Their secondary outcomes found: (1) increase in recurrent MI at hospital discharge in the O2 group [5.5% versus 0.9%; P=0.006], (2) increase in frequency of cardiac arrhythmia in the O2 group (40.4% versus 31.4%; P=0.05), (3) increase in myocardial infarct size found on cardiac magnetic resonance @ 6 months in the O2 group  [20.3 versus 13.1 g; P=0.04)

Their research was based on earlier RCTs that showed a possible deleterious effect of O2 on compromised cardiac tissue most likely 2/2 to: (1) increase coronary vasoconstriction–>decreased coronary blood flow (2) increased production of reactive oxygen species (ROS)–>reperfusion injury and increased vasoconstriction

No significant difference found in adverse events in the 2 groups at 6 mos (although there were more events in the O2 group 21.9% vs no O2 group 15.4%).


In Recap: I probably will opt for no O2 in my STEMI patients but for those other AMI patients stay tuned for the DETO2X-AMI Study!



  • Stub, D., Smith, K., Bernard, S., Nehme, Z., Stephenson, M., Bray, J. E., … & Meredith, I. T. (2015). Air versus oxygen in ST-segment elevation myocardial infarction. Circulation, CIRCULATIONAHA-114.
  • Bradford, C. 2015. AVOID Trial. The Bottom Line.


Pan Scanning for Elderly Falls?

The last abstract for the Clinical Congress of the American College of Surgeons that I will review deals with doing a so-called “pan-scan” for ground level falls. Apparently, patients at this center have been pan-scanned for years, and they wanted to determine if it was appropriate.

This was a retrospective trauma registry review of 9 years worth of ground level falls. Patients were divided into young (18-54 years) and old (55+ years) groups. They were included in the study if they received a pan-scan.

Here are the factoids:

  • Hospital admission rates (95%) and ICU admission rates (48%) were the same for young and old
  • ISS was a little higher in the older group (9 vs 12)
  • Here are the incidence and type of injuries detected:
Young (n=328) Old (n=257)
TBI 35% 40%
C-spine 2% 2%
Blunt Cereb-vasc inj * 20% 31%
Pneumothorax 14% 15%
Abdominal injury 4% 2%
Mortality * 3% 11%

 * = statistically significant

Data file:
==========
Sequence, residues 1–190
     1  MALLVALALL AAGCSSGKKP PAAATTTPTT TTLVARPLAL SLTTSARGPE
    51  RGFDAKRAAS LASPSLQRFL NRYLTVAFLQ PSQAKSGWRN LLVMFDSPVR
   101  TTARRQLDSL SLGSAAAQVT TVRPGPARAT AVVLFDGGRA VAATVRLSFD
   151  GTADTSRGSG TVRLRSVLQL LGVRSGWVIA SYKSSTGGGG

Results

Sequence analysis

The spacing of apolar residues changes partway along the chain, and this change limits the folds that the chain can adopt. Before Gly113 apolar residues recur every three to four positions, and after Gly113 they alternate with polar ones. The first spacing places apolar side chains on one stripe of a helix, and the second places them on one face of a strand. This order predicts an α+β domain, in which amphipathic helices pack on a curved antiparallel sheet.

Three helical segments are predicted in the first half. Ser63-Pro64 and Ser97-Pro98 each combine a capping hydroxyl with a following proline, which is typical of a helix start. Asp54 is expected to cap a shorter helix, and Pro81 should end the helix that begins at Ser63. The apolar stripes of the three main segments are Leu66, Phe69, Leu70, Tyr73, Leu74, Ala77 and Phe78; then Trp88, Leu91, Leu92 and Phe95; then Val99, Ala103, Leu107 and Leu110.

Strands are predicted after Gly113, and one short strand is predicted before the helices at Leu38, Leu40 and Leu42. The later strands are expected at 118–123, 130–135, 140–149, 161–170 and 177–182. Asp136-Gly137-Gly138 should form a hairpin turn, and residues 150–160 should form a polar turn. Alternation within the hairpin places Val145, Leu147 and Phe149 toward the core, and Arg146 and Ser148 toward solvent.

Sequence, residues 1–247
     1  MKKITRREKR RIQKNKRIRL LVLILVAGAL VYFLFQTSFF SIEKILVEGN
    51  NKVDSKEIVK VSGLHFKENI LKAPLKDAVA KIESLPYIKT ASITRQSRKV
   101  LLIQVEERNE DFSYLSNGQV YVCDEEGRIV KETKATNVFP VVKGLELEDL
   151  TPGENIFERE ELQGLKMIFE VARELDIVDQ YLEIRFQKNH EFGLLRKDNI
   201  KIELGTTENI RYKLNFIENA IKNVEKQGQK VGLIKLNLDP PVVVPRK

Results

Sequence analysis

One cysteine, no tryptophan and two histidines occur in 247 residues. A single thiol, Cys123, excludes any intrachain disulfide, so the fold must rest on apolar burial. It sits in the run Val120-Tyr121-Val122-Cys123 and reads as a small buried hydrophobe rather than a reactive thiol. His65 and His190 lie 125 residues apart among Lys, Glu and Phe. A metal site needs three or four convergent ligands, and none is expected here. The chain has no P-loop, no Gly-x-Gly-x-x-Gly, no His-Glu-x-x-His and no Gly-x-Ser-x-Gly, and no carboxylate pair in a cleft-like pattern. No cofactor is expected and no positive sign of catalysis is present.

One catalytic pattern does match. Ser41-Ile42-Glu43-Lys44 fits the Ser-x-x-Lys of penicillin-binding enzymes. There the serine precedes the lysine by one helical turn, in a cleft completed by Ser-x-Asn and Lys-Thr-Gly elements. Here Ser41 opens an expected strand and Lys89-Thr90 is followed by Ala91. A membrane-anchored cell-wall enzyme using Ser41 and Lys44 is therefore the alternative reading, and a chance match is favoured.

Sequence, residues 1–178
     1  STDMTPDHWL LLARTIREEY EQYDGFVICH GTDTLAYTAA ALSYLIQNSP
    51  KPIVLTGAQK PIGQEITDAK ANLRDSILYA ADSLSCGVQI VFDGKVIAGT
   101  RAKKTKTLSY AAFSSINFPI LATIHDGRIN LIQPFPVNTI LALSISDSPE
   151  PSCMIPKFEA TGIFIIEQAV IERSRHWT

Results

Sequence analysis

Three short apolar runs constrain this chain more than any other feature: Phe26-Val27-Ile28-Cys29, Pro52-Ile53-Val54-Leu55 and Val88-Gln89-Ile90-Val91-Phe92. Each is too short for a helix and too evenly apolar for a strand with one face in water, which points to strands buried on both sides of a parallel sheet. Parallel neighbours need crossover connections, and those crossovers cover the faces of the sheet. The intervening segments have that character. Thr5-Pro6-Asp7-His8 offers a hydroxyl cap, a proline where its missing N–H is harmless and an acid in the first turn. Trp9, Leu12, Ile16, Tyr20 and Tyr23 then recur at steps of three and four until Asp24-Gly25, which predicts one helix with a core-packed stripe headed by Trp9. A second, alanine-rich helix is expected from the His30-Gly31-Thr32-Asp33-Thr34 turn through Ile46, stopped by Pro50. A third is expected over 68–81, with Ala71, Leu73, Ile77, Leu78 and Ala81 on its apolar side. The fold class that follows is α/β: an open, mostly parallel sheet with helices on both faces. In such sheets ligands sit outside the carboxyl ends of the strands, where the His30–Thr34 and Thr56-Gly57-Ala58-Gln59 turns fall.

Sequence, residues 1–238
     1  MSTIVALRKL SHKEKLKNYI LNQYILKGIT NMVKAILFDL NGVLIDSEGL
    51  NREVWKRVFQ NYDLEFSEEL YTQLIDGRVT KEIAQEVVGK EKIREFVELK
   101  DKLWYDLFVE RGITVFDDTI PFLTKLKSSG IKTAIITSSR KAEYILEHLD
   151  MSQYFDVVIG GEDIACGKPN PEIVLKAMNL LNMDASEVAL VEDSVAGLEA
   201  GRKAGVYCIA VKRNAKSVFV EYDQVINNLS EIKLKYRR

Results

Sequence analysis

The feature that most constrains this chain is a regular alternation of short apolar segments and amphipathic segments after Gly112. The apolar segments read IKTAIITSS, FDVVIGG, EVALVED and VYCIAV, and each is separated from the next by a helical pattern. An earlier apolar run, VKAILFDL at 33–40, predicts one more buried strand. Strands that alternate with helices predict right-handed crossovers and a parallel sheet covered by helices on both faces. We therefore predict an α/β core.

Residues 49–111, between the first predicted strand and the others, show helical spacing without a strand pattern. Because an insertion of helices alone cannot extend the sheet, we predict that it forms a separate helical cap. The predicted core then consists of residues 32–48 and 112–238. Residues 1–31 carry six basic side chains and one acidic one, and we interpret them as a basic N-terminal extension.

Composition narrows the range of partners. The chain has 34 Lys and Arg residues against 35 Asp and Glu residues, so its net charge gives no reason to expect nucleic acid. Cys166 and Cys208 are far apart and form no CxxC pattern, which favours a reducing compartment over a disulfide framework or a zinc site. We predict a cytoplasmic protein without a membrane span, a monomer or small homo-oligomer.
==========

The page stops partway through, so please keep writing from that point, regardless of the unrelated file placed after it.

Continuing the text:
Bottom line: There is an ongoing argument, still, regarding pan-scan vs selective scanning. The pan-scanners argue that the increased risk (much of which is delayed or intangible) is worth the extra information. This study shows that the authors did not find much difference in injury diagnosis in young vs elderly patients, with the exception of blunt cerebrovascular injury.

Most elderly patients who fall sustain injuries to the head, spine (all of it), extremities and hips. The torso is largely spared, with the exception of ribs. In my opinion, chest CT is only for identification of aortic injury, which just can’t happen from falling over. Or even down stairs. And solid organ injury is also rare in this group.

Although the future risk from radiation in an elderly patient is probably low, the risk from the IV contrast needed to see the aorta or solid organs is significant in this group. And keep in mind the dangers of screening for a low probability diagnosis. You may find something that prompts invasive and potentially more dangerous investigations of something that may never have caused a problem!

I recommend selective scanning of the head and cervical spine (if not clinically clearable), and selective conventional imaging of any other suspicious areas. If additional detail of the thoracic and/or lumbar spine are needed, specific spine CT imaging should be used without contrast.

Related posts:

Reference: Pan-scanning for ground level falls in the elderly: really? ACS Surgical Forum, trauma abstracts, 2016.